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Sister Carrie
"A Strangely Strong Novel
in a Queer Milieu"
Curated by Nancy M. Shawcross
Rare Book & Manuscript Library
University of Pennsylvania

Joseph Jefferson and Rip Van Winkle


Napoleon Sarony
Photographs of Joseph Jefferson as Rip Van Winkle
New York

"Did you ever see Jefferson?" he [Hurstwood] questioned, as he leaned toward Carrie in the box.
"I never did," she returned.
"He's delightful, delightful," he went on, giving the commonplace rendition of approval which such men know. He sent Drouet after a programme, and then discoursed to Carrie concerning Jefferson as he had heard of him. The former was pleased beyond expression, and was really hypnotised by the environment, the trappings of the box, the elegance of her companion.

--From Chapter XI of Sister Carrie


Along with Dion Boucicault, Joseph Jefferson adapted Rip Van Winkle by Washington Irving for the stage; he began appearing in it in 1865.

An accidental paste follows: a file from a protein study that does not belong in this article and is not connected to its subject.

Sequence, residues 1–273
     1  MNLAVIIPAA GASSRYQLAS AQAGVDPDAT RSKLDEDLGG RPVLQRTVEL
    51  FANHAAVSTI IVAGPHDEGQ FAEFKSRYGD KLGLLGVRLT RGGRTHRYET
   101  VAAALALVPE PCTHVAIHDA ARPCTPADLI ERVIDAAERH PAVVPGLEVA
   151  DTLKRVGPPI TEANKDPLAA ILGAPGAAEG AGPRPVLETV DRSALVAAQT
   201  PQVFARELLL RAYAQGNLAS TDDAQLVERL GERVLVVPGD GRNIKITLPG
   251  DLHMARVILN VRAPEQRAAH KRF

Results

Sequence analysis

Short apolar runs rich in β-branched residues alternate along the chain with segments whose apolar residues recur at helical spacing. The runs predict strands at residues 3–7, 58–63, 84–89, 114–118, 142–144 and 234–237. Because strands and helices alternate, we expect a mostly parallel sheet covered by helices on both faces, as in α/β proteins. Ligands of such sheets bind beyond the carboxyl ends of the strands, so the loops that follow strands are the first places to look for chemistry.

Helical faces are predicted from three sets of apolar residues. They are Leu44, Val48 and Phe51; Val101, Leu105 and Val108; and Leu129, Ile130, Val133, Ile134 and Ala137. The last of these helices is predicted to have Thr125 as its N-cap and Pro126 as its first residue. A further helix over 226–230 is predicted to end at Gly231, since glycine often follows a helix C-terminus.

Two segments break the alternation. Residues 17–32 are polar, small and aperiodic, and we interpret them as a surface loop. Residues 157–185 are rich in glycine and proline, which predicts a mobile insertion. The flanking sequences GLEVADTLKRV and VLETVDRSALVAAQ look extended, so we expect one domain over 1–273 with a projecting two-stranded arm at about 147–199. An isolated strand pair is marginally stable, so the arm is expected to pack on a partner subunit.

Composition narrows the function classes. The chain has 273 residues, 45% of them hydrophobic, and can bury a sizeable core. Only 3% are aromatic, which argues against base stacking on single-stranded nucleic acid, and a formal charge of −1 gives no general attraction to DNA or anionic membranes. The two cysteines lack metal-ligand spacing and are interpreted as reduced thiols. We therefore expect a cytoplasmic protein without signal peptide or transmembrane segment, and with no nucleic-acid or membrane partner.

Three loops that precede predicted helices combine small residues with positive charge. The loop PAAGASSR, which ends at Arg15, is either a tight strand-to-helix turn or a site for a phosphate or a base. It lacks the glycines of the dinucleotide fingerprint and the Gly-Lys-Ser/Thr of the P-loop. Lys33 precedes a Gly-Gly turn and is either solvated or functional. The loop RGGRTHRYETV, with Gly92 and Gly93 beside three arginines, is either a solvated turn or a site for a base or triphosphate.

Napoleon Sarony
Photograph of Joseph Jefferson

Mora
Photograph of Dion Boucicault

When dining, it was a source of keen satisfaction to him [Drouet] to know that Joseph Jefferson was wont to come to this same place, or that Henry E. Dixie, a well-known performer of the day, was only a few tables off. At Rector's he could always obtain this satisfaction, for there one could encounter politicians, brokers, actors, some rich young "rounders" of the town, all eating and drinking amid a buzz of popular commonplace conversation.

--From Chapter V of Sister Carrie


"How was the play?" she [Mrs. Hurstwood] inquired.
"Very good," returned Hurstwood, "only it's the same old thing, Rip Van Winkle'."

--From Chapter XII of Sister Carrie

Additional images of Joseph Jefferson can be found in the
Philip H. Ward Collection of Theatrical Images, 1856-1910

Stage-struck
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